In 2006 the Information Commissioner’s Office published a report, ‘What price privacy”, which along with other cases shone a light on the ‘Operation Motorman’ investigation into the use of a private investigator by the media to obtain personal information, which according to the report was often through a deception process referred to as ‘blagging’.
Journalists have a voracious demand for personal information, especially at the popular end of the market. The more information they reveal about celebrities or anyone remotely in the public eye, the more newspapers they can sell. The primary documentation seized at the premises of the Hampshire private detective consisted largely of correspondence (reports, invoices, settlement of bills etc) between the detective and many of the better-known national newspapers – tabloid and broadsheet – and magazines. In almost every case, the individual journalist seeking the information was named, and invoices and payment slips identified leading media groups. Some of these even referred explicitly to ‘confidential information’.
The report, which also includes extracts from a ‘blaggers’ training manual, claimed that the evidence documented “literally thousands of section 55 offences” (Data Protection Act) with more than 300 journalists identified.
Later that year, in a follow-up entitled ‘What price privacy now’, the Commissioner reported on the response of various national organisations to the earlier publication. In the report he also decided, in the public interest, to list the publications identified from documentation seized during the Operation Motorman investigation, the number of transactions they were positively identified as being involved in and how many of their journalists (or clients acting on their behalf) were using these services.
It should be noted that while the table is dominated by tabloid publications they are far from being alone. Certain magazines feature prominently and some broadsheets are also represented. The Commissioner recognises that some of these cases may have raised public interest or similar issues, but also notes that no such defences were raised by any of those interviewed and prosecuted in Operation Motorman.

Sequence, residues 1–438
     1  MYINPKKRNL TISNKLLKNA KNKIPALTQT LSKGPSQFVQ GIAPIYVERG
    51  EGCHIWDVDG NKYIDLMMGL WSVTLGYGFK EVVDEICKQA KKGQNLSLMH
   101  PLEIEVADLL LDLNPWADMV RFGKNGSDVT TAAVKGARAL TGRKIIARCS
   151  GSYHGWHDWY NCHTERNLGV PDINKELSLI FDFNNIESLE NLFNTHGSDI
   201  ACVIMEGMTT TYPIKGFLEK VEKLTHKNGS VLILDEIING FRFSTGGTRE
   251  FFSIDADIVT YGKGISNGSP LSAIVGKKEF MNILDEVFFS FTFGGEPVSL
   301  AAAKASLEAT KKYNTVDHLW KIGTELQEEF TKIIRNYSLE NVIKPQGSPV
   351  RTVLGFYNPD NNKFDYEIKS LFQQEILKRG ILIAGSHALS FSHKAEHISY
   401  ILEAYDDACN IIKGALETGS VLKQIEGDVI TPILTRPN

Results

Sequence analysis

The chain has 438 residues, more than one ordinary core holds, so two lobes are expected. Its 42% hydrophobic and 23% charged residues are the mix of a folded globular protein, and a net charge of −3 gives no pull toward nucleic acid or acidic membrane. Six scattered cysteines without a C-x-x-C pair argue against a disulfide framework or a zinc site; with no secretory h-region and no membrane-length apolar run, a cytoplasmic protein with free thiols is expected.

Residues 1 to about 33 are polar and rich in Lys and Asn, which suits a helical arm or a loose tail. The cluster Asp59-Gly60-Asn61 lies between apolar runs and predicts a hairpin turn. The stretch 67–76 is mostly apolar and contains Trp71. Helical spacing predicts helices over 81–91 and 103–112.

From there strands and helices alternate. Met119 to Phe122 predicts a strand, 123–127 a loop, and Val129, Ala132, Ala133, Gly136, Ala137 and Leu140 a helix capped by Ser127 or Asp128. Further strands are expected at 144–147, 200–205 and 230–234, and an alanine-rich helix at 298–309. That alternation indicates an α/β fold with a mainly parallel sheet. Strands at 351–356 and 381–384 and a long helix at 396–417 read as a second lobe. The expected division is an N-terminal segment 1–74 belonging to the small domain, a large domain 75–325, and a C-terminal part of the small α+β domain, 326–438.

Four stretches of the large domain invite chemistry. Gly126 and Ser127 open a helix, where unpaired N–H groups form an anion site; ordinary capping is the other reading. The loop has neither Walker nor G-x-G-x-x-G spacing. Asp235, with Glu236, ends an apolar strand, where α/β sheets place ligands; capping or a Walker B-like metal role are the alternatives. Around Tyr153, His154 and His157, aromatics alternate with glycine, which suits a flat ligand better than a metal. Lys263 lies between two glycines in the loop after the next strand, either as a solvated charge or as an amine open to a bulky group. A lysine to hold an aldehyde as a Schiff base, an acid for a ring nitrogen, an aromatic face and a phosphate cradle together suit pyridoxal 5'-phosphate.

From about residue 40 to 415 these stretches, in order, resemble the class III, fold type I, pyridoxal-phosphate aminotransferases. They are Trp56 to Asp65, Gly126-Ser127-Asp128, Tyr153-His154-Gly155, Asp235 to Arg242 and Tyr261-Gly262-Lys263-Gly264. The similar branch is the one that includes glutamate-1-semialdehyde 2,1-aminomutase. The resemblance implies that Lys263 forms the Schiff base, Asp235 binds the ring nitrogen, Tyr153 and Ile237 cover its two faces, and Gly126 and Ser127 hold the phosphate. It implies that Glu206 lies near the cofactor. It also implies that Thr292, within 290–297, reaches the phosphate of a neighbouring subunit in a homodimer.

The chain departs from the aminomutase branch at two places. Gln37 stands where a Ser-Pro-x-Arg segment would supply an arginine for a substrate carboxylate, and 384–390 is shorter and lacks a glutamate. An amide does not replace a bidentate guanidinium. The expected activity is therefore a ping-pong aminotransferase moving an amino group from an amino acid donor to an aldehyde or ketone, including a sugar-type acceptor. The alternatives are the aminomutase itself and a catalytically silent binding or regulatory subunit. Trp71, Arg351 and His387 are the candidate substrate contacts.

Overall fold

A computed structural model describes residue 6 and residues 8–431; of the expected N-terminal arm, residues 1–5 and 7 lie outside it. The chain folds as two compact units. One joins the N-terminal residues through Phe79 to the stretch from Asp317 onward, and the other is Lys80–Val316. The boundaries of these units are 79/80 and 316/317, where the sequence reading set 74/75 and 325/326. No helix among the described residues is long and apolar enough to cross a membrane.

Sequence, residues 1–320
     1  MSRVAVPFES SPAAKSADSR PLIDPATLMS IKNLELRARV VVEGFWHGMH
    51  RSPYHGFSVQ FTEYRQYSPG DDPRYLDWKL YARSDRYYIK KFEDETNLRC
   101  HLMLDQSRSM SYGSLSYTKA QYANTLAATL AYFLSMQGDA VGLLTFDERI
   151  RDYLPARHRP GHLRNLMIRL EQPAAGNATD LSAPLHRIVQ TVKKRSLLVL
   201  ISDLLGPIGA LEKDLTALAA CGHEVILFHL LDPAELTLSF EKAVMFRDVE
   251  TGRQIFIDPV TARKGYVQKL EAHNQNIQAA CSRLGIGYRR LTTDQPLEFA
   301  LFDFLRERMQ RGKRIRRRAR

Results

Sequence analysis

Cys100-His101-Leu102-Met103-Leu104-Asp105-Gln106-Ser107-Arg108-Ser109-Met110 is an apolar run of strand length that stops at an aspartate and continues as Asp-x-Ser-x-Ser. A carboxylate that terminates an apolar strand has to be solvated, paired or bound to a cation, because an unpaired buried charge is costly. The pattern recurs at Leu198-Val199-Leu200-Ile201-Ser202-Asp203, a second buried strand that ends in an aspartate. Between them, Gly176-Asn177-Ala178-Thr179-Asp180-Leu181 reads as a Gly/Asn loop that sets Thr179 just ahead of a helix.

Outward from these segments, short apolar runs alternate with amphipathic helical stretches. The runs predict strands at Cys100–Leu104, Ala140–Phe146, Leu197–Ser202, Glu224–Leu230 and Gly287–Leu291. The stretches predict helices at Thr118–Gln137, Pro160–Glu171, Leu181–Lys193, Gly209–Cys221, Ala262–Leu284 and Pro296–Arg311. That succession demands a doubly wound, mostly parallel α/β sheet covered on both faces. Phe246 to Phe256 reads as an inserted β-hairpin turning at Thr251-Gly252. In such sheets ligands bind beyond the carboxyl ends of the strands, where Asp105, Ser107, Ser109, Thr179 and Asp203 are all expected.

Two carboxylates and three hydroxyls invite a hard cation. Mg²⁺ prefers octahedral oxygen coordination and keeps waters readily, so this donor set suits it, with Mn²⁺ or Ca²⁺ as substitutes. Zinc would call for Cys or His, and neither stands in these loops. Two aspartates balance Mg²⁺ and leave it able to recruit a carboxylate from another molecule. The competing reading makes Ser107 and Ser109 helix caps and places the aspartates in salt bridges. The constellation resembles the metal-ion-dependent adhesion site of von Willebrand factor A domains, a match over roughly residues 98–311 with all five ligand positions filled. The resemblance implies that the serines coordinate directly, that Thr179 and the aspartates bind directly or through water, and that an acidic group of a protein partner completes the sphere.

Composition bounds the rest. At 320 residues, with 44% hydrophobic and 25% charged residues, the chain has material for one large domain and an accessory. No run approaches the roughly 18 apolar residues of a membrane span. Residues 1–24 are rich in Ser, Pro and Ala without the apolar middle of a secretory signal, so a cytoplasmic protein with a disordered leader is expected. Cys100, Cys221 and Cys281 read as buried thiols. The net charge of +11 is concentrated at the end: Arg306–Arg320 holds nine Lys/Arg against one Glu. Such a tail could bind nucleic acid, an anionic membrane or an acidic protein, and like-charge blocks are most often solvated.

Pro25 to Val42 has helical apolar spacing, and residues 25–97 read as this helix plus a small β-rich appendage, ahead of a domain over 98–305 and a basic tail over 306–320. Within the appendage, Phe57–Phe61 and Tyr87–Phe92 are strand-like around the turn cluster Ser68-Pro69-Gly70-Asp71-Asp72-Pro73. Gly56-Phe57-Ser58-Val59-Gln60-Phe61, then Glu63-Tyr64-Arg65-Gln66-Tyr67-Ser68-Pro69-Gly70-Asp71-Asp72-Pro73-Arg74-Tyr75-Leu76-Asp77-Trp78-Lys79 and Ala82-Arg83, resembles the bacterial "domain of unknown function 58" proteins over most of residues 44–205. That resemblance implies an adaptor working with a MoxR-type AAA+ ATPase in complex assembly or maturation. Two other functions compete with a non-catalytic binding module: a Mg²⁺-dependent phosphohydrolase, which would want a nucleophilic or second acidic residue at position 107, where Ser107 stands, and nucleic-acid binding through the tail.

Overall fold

Top of the list was the Daily Mail, with a reported 952 transactions and 58 journalists/clients, closely followed by the Sunday People with 802 transactions and 50 journalists/clients. Broadsheets also appeared, the Observer with 103 transactions and 4 journalists/clients and the Sunday Times with 52 transactions and seven journalists/clients. No newspaper was ever prosecuted, according to reports.
At the time the Observer, owned by the Guardian Media Group, issued a statement from its editor Roger Alton, citing a defence in most cases.
Yes, the Observer has used the services of an outside agency in the past, and while there were strong public interest defences for most of those cases, it is possible that some of the inquiries did not sufficiently fit that criteria. As a result, I have now taken steps to ensure that no inquiries will be made through outside agencies unless I believe that there is a compelling public interest to do so.
This week, Journalism.co.uk learned that the Observer is now seeking to clarify the distinction between this case and the phone-hacking scandal which saw a News of the World journalist and private investigator jailed in 2007. According to the paper, there has been some “confusion” within the media between the two cases and the involvement of the Observer.
As a result the Observer’s readers’ editor Stephen Pritchard is now preparing a piece for the paper looking back at the Operation Motorman events and explaining the steps taken by the Observer following the report. This week a spokesman for the Observer told Journalism.co.uk:
The ICO report did not concern hacking (a criminal offence without any public interest defence in law), but instead concentrated on potential offences under the data protection act to which there is a public interest defence.
Given the confusion the readers’ editor of the Observer is preparing a piece to clarify this distinction, recap what happened at the time, and explain the steps taken by the Observer following the ICO report.
None of the many newspapers and magazines named in the report were prosecuted. However, Roger Alton, editor of the Observer at the time, issued a public statement making clear that it was not acceptable to use external agencies unless there was ‘a compelling public interest to do so’. The company also subsequently launched a series of training sessions for staff on the implications of the Data Protection Act.
There are many questions related to Operation Motorman and the Observer that people still want answered. This letter from one concerned reader, sent to the readers’ editor last week, raises some of those, such as were the journalists involved suspended or are they still employed by the Observer or the Guardian?
It’s now a case of waiting to see if these will be answered in the Observer’s column, expected in the next couple of weeks.
, Operation Motorman
, privacy law